Greek Jewry in the Twentieth Century, 1913-1983: Patterns of Jewish Survival in the Greek Provinces before and after the Holocaust

By Joshua Eli Plaut | Go to book overview

Introduction

ALMOST 500 years ago Isaac Ashkenazi’s ancestors left Spain as exiles and found a haven in a Thracian town called Didimoticho, in the heartlands of the Ottoman Empire. Today this market town sits in a lush, green valley, through which the calm Evros River flows. Four hours to the east lies Istanbul, the former capital of the Ottoman Empire, while five hours west is the bustling port city of Salonika. The Evros River has formed the boundary between Greece and Turkey since 1923, placing Didimoticho inside Greece. The town is a mere kilometer from Turkey and twenty-three kilometers from Bulgaria. Five hundred years after his family first came to Didimoticho, Isaac and the other three remaining Jews were considering leaving this home of so many years to join their children who reside in Salonika.

There is no Jewish community left in Didimoticho. Until his recent death, Isaac carefully guarded a reminder of the tragedy that befell his fellow Jews. Inside his store, behind the neatly stacked bolts of cloth and fabric, he kept two precious books in a safe. One book was entitled How We Saw Death, the other The Third Reich and the Jews; these books served as a testament to Isaac that before the Bulgarians deported the Jews of Didimoticho on 16 May 1943, a flourishing Jewish community existed. In the last years of his life, Isaac was frustrated and angry at the prospect of leaving his home forever. He remained helpless in the face of circumstances forcing small-town Jews to migrate to urban centers. Didimoticho is but one of many Greek and Turkish-Jewish communities that struggled unsuccessfully to maintain its age-old existence. Many Greek Jews like Isaac and his family live the drama of being the last generation of Jews to remain in the Greek and Turkish provincial towns.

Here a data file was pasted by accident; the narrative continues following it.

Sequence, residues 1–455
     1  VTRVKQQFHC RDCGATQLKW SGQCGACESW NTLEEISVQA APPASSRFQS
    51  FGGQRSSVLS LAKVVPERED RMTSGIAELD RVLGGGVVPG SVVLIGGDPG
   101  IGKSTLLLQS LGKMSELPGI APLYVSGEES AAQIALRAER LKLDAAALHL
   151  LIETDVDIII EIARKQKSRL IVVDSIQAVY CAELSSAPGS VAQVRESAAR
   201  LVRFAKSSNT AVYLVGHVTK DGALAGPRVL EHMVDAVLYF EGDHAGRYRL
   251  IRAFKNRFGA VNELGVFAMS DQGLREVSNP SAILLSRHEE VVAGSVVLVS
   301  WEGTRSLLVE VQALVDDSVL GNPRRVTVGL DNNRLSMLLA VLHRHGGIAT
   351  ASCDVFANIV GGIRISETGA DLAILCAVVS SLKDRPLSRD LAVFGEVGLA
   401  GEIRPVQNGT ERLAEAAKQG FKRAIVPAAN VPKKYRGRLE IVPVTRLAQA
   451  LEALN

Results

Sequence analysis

The presence of Jews in Greece extends back at least two thousand years. The book of Isaiah (24:15) mentions the “isles of the sea,” perhaps, a reference to Jews who inhabited the Greek Isles. Jews have resided in organized Jewish communities in the Balkan peninsula during the Greek, Byzantine, Ottoman, and modern Greek periods. Many of the Jews living in the land of Judea during the Babylonian, Greek, and Roman conquests were exiled to Greece, where they came to be known as Romaniot Jews. Although these Jews acculturated with great ease, assuming Greek family names and customs, and introducing Greek

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